Your internal work chats will sometimes flare up. Here’s what you can do about it

A person holding a heart in front of a wall of angry messages.
Illustration by Jutta Kivilompolo
May 24, 2021

Read time 5 min

Kati Vilkki is a seasoned coach and organization whisperer, passionate about creating environments where people can grow to their full potential.  She is looking forward to meeting people by chance and having ad hoc discussions by the coffee machine again.

What can we do to create an environment where people feel safe to speak up when they have something to say?

We’ve all experienced it – the organization phenomenon that can be summed up in the words “That escalated quickly.” A message on your company’s internal chat turns into a heated discussion of harsh words and hurt feelings. Hundreds of messages and multiple participants later everyone’s left worse off, confused, and nothing’s been accomplished. 

I don’t think it’s possible to completely avoid these gates, but we can learn to handle them much better.

Yes, we can all learn to communicate better, but there will always be times when we disagree, have strong emotions, and even get annoyed, hurt, or angry.

Our online mediums actually support these flares: As communications channels, they’re very narrow, because they leave no room for context, body language, or softening factors. They take away eye contact, smiles, laughters, and tone. They also demand high speed and reactiveness, everything happens now.

We’re especially likely to end up in these internal gates when we are tired or stressed out. Stress reduces both our cognitive skills and our ability to feel empathy for others. So when stressed, we are more irritable and less intelligent than usually – not a good combination, I think.  

I don’t believe the answer is trying to limit certain topics or discussion nor enforcing strict communications rules. 

The most important thing is to learn how to handle these situations constructively and to come out of them stronger, so that trust in the community is increased.

What actually happens when communication goes off the rails?

It’s important to understand what happens in these heated situations. That makes it easier to recognize them as they happen, and to react better too. Here’s how I’ve seen things escalate:

Person A has a stronger-than-expected reaction to person B’s words or actions. B sees this as an unfair reaction, as an attack, and in turn, responds accordingly. Both A and B end up feeling wronged and misunderstood. 

The first reaction from others can also come down like a ton of bricks, crushing the initial communicator underneath. This leaves the person – and others who witnessed the situation – unsure and afraid to speak up ever again.

As this happens on an open or semi-open platform, some of the by-standers choose sides and join in the conversation. Others look in awe, afraid to comment or do anything, because they don’t want to get caught in the cross-fire – or out of fear of adding fuel to the fire.

It doesn’t have to go like this.

So what can we do to create an environment where people feel safe to speak up when they have something to say? An environment in which it is safe to disagree, to be vulnerable, to feel, and to be fully human?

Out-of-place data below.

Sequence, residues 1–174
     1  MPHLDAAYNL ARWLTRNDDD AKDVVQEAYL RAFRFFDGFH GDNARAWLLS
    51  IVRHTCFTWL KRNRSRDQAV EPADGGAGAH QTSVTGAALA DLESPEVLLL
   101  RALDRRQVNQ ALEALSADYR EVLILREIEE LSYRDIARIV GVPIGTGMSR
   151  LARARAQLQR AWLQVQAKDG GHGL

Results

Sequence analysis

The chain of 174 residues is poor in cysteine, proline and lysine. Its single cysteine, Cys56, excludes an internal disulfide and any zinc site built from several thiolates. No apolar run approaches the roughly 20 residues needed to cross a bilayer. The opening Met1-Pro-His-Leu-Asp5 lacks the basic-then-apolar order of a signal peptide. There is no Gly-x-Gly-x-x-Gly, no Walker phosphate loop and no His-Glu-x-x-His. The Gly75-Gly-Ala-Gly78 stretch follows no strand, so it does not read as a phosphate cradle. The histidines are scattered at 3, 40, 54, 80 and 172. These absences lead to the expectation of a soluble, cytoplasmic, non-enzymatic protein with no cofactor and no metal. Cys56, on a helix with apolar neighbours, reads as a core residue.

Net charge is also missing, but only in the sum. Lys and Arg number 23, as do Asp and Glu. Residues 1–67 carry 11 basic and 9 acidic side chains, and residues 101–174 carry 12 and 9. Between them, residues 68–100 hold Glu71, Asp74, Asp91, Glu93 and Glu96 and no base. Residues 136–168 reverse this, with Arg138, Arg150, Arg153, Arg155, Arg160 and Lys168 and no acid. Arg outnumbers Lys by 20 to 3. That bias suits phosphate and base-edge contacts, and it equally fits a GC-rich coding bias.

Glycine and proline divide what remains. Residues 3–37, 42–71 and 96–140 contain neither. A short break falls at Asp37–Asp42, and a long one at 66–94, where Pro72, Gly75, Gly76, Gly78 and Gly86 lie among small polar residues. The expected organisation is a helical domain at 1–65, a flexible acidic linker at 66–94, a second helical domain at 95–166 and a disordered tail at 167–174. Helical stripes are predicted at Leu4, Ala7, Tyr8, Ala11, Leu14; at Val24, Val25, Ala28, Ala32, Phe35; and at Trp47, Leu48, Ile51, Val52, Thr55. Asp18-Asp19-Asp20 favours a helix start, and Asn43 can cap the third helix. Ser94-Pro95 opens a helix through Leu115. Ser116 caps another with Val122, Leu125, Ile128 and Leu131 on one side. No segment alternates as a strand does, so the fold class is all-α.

Support a cycle of trust

I’ve written and spoken about the cycle of trust in organizations for a long time.  In the cycle of trust, the organization reinforces trust and psychological safety, which helps us communicate better, and thus increase psychological safety and trust even further.

First, we can take responsibility for the way we interact. We can aim to communicate as clearly and respectfully as we can, and listen to others with an open mind. We can speak up when we feel strong emotions or social pain and we can apologize and make amends when we see others hurt and angered by what we say or do. 

When the ultimately unavoidable difficult situation arises, we can address the flair in the spirit of responsibility – and without blaming, justification, shame, or obligation. The more we can speak up with compassion when we notice emotions brewing within us and in others, the better our interaction will eventually get.

When others tell us that they feel hurt, we can try to listen with an open mind and with respect. When others apologise or tell us they’re trying to practice behaving differently, we can show empathy.

Even if we’re not able to catch our emotions or initial reactions the moment they emerge, it’s valuable to reflect afterwards what brought them on. Re-connecting with the people involved and making our observations visible is a way to defuse built-up tensions. It also lowers the bar for others to do the same.

We have many opportunities to turn the discussion around. Every single time we post or respond to what someone else has posted, we have an opportunity to create a constructive dialogue. Every time we observe a heated discussion, we have a choice to intervene and change the course. And after every heated discussion we have a chance to learn, repair relationships, and regain trust.

Here are some practical examples of what you can do the next time you find yourself in a (potential) heated internal discussion:

  • Take a break. You don’t have to react immediately.
  • Talk it over with someone you trust to calm down.
  • Ask yourself “Will I add value with this comment?”
  • Apologize when someone is hurt, even if your intention was not to hurt.
  • Ask a friend for feedback or help to formulate your message
  • Contact people privately to get or offer support.
  • Organise a facilitated dialogue for people who have been in the discussion so that there is a chance for all to get heard.
  • Agree with the discussion parties on how to sum up the discussion to a public channel afterwards if it’s OK with everyone.

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